1997 < year ≤ 200020.317.219.4
2000 < year ≤ 200320.819.819.3
2003 < year ≤ 200619.822.521.9
2006 < year ≤ 200921.126.523.2
Age < 404.610.112.2p < 0.001
40 ≤ Age < 5017.425.825.2
50 ≤ Age < 6024.726.224.9
60 ≤ Age < 7023.619.719.2
70 ≤ Age < 8019.513.212.0
Age ≥ 8010.35.16.5
In situ15.914.510.7p < 0.001
Low49.740.938.5p < 0.001
Ductal68.968.869.8p < 0.001
Urban/rural status
Urban78.385.088.3p < 0.001
Mammography Capacity
Adequate82.781.179.1p < 0.001
Excess capacity3.93.02.8
All-Cause Death
Alive71.376.664.8p < 0.001
Breast-Cancer Death
Alive89.188.179.1p < 0.001
Neighborhood CharacteristicsIQRIQRIQRp (one-way anova F-test)
Percent Hispanic6–-2426–8634–91p < 0.001
Percent Poverty5–159–-2811–32p < 0.001
a Missing birthplace values were imputed. SD = standard deviation; IQR = inter-quartile range; n = number.
Table 2. Hazard ratios and 95% confidence intervals for the association of patient ethnicity and birthplace and neighborhood percent Hispanic on breast-cancer and all-cause mortality among women diagnosed with breast cancer in Texas, 1995–2009 (n = 166,254).
Table 2. Hazard ratios and 95% confidence intervals for the association of patient ethnicity and birthplace and neighborhood percent Hispanic on breast-cancer and all-cause mortality among women diagnosed with breast cancer in Texas, 1995–2009 (n = 166,254).
All-Cause Mortality
Patient and Neighborhood CharacteristicsUnadjusted Univariate Model 1Model 2Model 3
HR (95% CI)aHR (95% CI)aHR (95% CI)
Patient Ethnicity and Birthplace
White1.24 (1.21–1.28)1.12 (1.08–1.15)1.03 (0.99–1.07)
Hispanic-foreign-born1.64 (1.57–1.72)1.47 (1.40–1.54)1.21 (1.12–1.31)
Neighborhood % Hispanic a1.45 (1.39–1.51)1.22 (1.16–1.24)0.95 (0.87–1.03)
Interaction of Neighborhood % Hispanic a * Hispanic-U.S.-born--1
Interaction of Neighborhood % Hispanic a * White--1.37 (1.24–1.51)
Interaction of Neighborhood % Hispanic a * Hispanic foreign-born--1.69 (1.44–1.98)
Breast Cancer-Specific Mortality
Patient and Neighborhood CharacteristicsUnadjusted Univariate Model 1Model 2Model 3
HR (95% CI)aHR (95% CI)aHR (95% CI)
Patient Ethnicity and Birthplace
White0.91 (0.87–0.94)1.05 (1.00–1.10)0.97 (0.92–1.02)
Hispanic-foreign-born1.90 (1.79–2.03)1.60 (1.50–1.70)1.28 (1.16–1.42)
Neighborhood % Hispanic a1.75 (1.66–1.85) 1.19 (1.11–1.28)0.90 (0.80–1.01)
Interaction of Neighborhood % Hispanic a * Hispanic-U.S.-born--1
Interaction of Neighborhood % Hispanic a * White--1.43 (1.23–1.65)
Interaction of Neighborhood % Hispanic a * Hispanic-foreign-born--1.84 (1.49–2.28)
a Neighborhood percent Hispanic population was centered at the mean. HR = hazard ratio; aHR = adjusted hazard ratio; CI: confidence interval. Models 2 and 3 include age, sex, tumor grade, tumor stage, year of diagnosis, tumor histology, urban/rural status, and mammography capacity. Dashes (–) indicate that the variables were not entered into the model.
Table 3. Adjusted hazard ratios and 95% confidence intervals for the association of ethnicity/birthplace group-specific categories of neighborhood percent Hispanic and neighborhood percent poverty on all-cause and breast cancer mortality by patient ethnicity and birthplace among women diagnosed with breast cancer in Texas, 1995–2009 (n = 166,254).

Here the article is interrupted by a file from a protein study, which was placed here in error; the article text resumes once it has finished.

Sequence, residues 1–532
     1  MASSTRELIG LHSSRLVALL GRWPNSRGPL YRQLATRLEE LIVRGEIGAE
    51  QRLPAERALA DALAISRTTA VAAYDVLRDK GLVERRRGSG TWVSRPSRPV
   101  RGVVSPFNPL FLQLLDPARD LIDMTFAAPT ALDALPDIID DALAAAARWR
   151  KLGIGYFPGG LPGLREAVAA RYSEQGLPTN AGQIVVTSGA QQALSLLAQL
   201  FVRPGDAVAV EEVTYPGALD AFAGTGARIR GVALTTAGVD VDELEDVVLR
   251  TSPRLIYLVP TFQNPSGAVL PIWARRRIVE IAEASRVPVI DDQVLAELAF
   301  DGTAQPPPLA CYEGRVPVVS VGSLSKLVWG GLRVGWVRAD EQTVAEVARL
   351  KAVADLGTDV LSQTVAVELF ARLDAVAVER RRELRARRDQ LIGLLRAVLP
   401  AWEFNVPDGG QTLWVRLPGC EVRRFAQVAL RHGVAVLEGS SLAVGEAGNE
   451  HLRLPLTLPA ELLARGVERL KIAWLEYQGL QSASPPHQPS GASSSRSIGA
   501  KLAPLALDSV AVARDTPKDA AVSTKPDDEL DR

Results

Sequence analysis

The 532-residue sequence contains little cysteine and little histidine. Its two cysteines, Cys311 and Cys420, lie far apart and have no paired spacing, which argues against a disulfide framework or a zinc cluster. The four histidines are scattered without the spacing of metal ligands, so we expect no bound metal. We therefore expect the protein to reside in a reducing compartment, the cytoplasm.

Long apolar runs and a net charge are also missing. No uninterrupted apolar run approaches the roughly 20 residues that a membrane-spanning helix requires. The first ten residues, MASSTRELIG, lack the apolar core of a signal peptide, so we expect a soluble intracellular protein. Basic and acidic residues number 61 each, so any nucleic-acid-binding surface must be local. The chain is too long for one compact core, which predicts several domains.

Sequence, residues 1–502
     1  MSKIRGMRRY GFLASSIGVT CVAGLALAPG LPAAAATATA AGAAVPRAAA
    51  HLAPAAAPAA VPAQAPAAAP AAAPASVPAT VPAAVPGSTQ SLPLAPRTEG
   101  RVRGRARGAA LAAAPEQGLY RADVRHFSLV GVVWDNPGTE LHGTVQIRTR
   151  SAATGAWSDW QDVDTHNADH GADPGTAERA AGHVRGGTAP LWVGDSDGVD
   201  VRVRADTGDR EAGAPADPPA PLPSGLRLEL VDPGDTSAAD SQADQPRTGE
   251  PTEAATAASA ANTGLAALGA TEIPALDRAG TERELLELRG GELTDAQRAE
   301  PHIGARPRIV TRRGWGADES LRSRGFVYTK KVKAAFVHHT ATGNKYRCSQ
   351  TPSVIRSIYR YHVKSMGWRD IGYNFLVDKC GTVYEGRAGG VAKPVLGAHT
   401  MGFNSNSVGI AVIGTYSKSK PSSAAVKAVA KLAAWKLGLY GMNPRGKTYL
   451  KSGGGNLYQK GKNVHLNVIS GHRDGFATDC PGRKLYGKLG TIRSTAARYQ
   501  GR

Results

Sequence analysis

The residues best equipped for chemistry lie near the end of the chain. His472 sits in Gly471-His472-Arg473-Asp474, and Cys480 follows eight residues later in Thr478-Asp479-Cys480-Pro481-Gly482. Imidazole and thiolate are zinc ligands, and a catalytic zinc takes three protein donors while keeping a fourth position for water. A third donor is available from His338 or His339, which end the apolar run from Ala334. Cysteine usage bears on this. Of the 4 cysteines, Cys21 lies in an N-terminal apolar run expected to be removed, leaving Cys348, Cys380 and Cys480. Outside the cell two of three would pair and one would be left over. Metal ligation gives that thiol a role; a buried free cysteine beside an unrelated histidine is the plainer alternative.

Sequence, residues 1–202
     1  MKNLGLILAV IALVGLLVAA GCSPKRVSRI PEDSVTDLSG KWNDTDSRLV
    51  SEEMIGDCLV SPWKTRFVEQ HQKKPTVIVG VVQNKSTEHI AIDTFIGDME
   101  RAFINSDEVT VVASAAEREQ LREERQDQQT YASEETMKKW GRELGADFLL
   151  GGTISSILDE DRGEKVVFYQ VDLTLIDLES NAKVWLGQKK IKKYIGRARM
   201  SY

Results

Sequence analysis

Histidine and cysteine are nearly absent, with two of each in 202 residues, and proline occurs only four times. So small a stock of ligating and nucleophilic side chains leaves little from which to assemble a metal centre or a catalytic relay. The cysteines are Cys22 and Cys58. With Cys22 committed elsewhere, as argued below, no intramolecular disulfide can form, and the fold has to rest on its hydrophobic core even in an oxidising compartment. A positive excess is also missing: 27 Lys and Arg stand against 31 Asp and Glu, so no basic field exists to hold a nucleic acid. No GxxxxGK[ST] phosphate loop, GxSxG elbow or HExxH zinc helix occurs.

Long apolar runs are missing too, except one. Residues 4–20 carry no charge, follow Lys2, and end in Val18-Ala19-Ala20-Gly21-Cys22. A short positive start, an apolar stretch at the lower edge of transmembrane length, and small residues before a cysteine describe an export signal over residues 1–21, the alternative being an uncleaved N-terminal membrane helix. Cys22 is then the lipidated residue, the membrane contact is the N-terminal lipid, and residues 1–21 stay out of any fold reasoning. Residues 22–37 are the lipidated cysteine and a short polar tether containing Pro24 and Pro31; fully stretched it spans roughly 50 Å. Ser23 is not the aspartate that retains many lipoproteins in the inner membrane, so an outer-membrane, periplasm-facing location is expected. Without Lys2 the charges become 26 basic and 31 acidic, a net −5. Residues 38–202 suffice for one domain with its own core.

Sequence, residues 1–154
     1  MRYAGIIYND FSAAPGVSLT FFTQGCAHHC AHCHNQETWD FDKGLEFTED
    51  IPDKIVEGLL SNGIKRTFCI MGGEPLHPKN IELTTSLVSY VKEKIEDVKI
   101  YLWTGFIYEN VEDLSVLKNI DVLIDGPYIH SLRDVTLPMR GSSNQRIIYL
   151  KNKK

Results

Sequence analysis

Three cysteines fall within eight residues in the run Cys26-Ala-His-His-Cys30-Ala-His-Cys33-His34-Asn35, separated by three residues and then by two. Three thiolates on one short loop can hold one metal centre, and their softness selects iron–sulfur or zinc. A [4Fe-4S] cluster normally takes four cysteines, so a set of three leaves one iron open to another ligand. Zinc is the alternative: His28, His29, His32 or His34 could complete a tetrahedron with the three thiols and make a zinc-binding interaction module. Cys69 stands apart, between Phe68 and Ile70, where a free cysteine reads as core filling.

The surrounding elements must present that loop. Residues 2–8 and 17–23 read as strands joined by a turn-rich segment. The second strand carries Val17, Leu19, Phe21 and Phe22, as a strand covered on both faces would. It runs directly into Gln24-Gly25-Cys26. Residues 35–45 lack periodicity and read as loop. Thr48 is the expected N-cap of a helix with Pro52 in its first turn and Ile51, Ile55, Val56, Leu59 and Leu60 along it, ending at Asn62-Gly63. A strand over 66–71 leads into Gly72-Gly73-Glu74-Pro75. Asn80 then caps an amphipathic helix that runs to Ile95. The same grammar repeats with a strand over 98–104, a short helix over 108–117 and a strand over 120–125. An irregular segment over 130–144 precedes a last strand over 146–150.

Table 3. Adjusted hazard ratios and 95% confidence intervals for the association of ethnicity/birthplace group-specific categories of neighborhood percent Hispanic and neighborhood percent poverty on all-cause and breast cancer mortality by patient ethnicity and birthplace among women diagnosed with breast cancer in Texas, 1995–2009 (n = 166,254).
Neighborhood CharacteristicsWhiteHispanic-U.S.-BornHispanic-Foreign-Born
aHR (95% CI)aHR (95% CI)aHR (95% CI)
All-Cause Mortality
Low Hispanic/Low poverty111
Low Hispanic/High poverty1.21 (1.16–1.25)1.19 (1.09–1.30)1.18 (1.01–1.38)
High Hispanic/Low poverty1.08 (1.04–1.12)0.96 (0.87–1.06)1.19 (1.01–1.41)
High Hispanic/High poverty 1.25 (1.21–1.28)1.03 (0.97–1.10)1.39 (1.25–1.53)
Breast Cancer Mortality
Low Hispanic/Low poverty111
Low Hispanic/High poverty1.19 (1.12–1.26)1.09 (0.96–1.23)1.22 (1.00–1.48)
High Hispanic/Low poverty1.09 (1.03–1.15)0.88 (0.77–1.02)1.20 (0.97–1.47)
High Hispanic/High poverty1.24 (1.18–1.30)0.97 (0.89–1.05)1.33 (1.17–1.51)
Models are adjusted for age, sex, tumor grade, tumor stage, year of diagnosis, tumor histology, urban/rural status, and mammography capacity.

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Pruitt, S.L.; Tiro, J.A.; Xuan, L.; Lee, S.J.C. Hispanic and Immigrant Paradoxes in U.S. Breast Cancer Mortality: Impact of Neighborhood Poverty and Hispanic Density. Int. J. Environ. Res. Public Health 2016, 13, 1238.

AMA Style

Pruitt SL, Tiro JA, Xuan L, Lee SJC. Hispanic and Immigrant Paradoxes in U.S. Breast Cancer Mortality: Impact of Neighborhood Poverty and Hispanic Density. International Journal of Environmental Research and Public Health. 2016; 13(12):1238.

Chicago/Turabian Style

Pruitt, Sandi L., Jasmin A. Tiro, Lei Xuan, and Simon J. Craddock Lee. 2016. "Hispanic and Immigrant Paradoxes in U.S. Breast Cancer Mortality: Impact of Neighborhood Poverty and Hispanic Density" International Journal of Environmental Research and Public Health 13, no. 12: 1238.